We’ve reached the pointy end of the Brisbane City Council election campaign, so it’s time to recap each of the parties’ policies and commitments, so you can make an informed choice at the polling booth tomorrow:
- Liberal National Party
- Australian Labor Party
- The Greens
- Australian Sex Party
- Chris Carson (Independent)
Or you can just skip to our assessment.
Liberal National Party
The Liberal National Party’s ‘Team Quirk’ has announced a Better Bikeways 4 Brisbane policy including $120 million in bikeway funding over four years, with a focus on building a network connecting commuters to not only the CBD and Fortitude Valley but seven other major employment areas:
- Australia Trade Coast (Brisbane Airport north of the river through to Port of Brisbane south of the river)
- Toowong/ Indooroopilly/ St Lucia
- North-East Industrial Corridor (Nudgee/ Banyo/ Boondall/ Brisbane Airport)
- South-West Industrial Corridor (Rocklea/ Darra/ Oxley/ Inala/ Richlands)
- Griffith University/ Mt Gravatt
- South Brisbane/ Woolloongabba
The policy also includes a programme to improve connections to suburban shopping centres and transport hubs, as well as an effort to improve safety by upgrading cycling ‘black spots’ and by establishing a joint taskforce with the police to ‘tackle inappropriate behaviour on bikepaths’.
Australian Labor Party
The Australian Labor Party’s lord mayoral candidate Ray Smith has released a Five Point Plan for Better Brisbane Bikeways, consisting of:
- $100m for bikeway infrastructure,
- establishment of a formal BUG steering committee
- $600k for a roving team to address minor bikeway maintenance issues,
- $2m (of the $100m) to investigate one green bridge, and
- $280k for installation of bikeway facilities such as electronic bike counters and water fountains
Although it is not covered in his policy, Mr Smith has consistently indicated that he will remove BCC funding for its CityCycle bike share scheme.
The Greens have also released a background paper on transport options for Brisbane, which starts with a remarkably familiar section entitled ‘Build it and they will come – the importance of cycle infrastructure’. We certainly appreciate the flattery but, more importantly, the indication that the Greens share CBD BUG’s views on the value of cycling infrastructure.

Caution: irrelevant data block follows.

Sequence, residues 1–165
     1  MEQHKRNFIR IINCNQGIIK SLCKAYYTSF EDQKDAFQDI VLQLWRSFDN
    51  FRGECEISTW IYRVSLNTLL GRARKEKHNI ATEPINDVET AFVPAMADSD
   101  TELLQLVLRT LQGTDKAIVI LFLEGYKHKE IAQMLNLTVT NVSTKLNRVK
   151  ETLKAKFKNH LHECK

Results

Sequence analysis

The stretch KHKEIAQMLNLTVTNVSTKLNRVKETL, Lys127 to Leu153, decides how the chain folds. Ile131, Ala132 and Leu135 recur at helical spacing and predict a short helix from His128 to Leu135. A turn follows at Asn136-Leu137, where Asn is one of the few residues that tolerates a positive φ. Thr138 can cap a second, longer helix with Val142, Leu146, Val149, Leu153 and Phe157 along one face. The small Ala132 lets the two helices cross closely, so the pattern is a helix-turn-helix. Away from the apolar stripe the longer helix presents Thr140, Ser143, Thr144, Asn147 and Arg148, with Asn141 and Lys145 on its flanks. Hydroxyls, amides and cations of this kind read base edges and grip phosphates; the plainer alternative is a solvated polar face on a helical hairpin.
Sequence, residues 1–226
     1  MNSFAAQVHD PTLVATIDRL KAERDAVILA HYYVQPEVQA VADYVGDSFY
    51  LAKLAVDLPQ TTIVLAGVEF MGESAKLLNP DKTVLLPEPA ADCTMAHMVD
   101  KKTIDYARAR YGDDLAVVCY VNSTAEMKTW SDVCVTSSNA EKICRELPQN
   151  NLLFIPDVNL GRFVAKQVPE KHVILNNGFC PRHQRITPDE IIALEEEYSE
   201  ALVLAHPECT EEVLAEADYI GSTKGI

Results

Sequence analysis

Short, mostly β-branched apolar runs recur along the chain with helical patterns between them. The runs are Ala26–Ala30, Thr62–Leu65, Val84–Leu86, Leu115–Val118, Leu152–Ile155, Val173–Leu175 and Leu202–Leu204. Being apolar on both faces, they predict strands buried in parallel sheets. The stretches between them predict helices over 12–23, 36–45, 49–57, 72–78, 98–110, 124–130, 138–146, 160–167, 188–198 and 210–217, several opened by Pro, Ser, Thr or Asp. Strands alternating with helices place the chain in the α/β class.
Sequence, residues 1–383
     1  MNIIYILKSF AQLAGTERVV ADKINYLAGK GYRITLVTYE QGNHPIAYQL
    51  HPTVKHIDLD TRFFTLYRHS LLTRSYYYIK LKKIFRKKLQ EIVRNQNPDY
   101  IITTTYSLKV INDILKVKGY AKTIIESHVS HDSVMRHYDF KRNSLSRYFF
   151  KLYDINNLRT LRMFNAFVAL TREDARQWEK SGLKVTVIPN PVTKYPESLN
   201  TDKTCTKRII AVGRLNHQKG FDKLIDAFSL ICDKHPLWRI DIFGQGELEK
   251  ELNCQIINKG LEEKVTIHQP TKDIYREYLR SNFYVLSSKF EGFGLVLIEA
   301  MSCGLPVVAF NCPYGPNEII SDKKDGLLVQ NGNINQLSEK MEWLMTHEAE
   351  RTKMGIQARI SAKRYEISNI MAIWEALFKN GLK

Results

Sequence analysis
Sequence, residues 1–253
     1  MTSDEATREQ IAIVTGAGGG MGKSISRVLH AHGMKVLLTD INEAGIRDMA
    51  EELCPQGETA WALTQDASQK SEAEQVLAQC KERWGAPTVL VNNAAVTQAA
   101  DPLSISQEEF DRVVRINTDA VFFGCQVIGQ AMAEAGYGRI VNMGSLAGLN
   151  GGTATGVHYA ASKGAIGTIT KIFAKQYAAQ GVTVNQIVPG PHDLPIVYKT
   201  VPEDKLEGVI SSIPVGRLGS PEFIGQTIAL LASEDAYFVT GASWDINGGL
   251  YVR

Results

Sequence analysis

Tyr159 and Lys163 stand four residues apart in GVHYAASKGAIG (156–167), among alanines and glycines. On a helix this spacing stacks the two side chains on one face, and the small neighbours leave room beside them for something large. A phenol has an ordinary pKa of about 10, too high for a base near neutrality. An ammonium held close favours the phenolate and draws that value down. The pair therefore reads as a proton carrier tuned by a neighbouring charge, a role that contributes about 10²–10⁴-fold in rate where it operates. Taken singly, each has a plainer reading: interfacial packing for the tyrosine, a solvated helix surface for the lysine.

- Background paper on Greens transport option for Brisbane City
- Greens Transport Vision for Brisbane Fewer cars, Less Pollution and More Choice
- Greens Transport Policy
Australian Sex Party
The Australian Sex Party has not released any cycling or general transport policies that we are aware of.
Chris Carson (Independent)
Independent lord mayoral candidate Chris Carson has been quite a wildcard for cyclists this election. Campaigning on a platform of reducing conflict on the road, he has put forward some quite controversial policies ranging from banning cyclists from major roads in peak times, to banning the use of motor vehicles for one day each year. He’s also joined the major parties’ bidding war in promising $300 million for pedestrian and cycling infrastructure.
The promises by the LNP and ALP to increase or maintain the current level of investment in cycling infrastructure are very welcome, as are the other aspects of the policies, and the announcements supporting greater use of public transport and walking.
However, it’s important to keep these promises in perspective. BCC budget documents indicate that in the current financial year 83.2% of Brisbane’s $1.274 billion transport budget will be spent on motorists, while only 15.1% will be spent on public transport and a miserly 1.7% will go to cycling and walking. This is on top of money to be spent on top of paying off the massive debts from constructing the Clem7 and Legacy Way tunnels plus the Go Between Bridge under the Trans Apex program, leaving little room for any additional transport spending. Both parties have also announced major new road spending aimed primarily at motorists, with little or no cohesion between their roads policies and their cycling policies despite the huge and obvious overlap between the two.
The Greens have not engaged in the same battle of election promises as the two larger parties, but their integrated transport policy more clearly embraces cycling as a first-class part of the transport mix. Their background paper promises physically separated bike lanes on every major street in the CBD, which would be a huge leap forward in making the bicycle a safe and attractive way to get around the city.
While Mr Carson clearly has some important concerns and interesting ideas about how to make the roads safer for everybody, his proposal to ban bicycles from major roads at peak times fails to recognise that bicycles are a valid (and efficient) mode of transport, and would be disastrous for many commuting cyclists.
You can also read a more detailed summary of the two major parties’ transport election commitments ( PDF, 29 kB).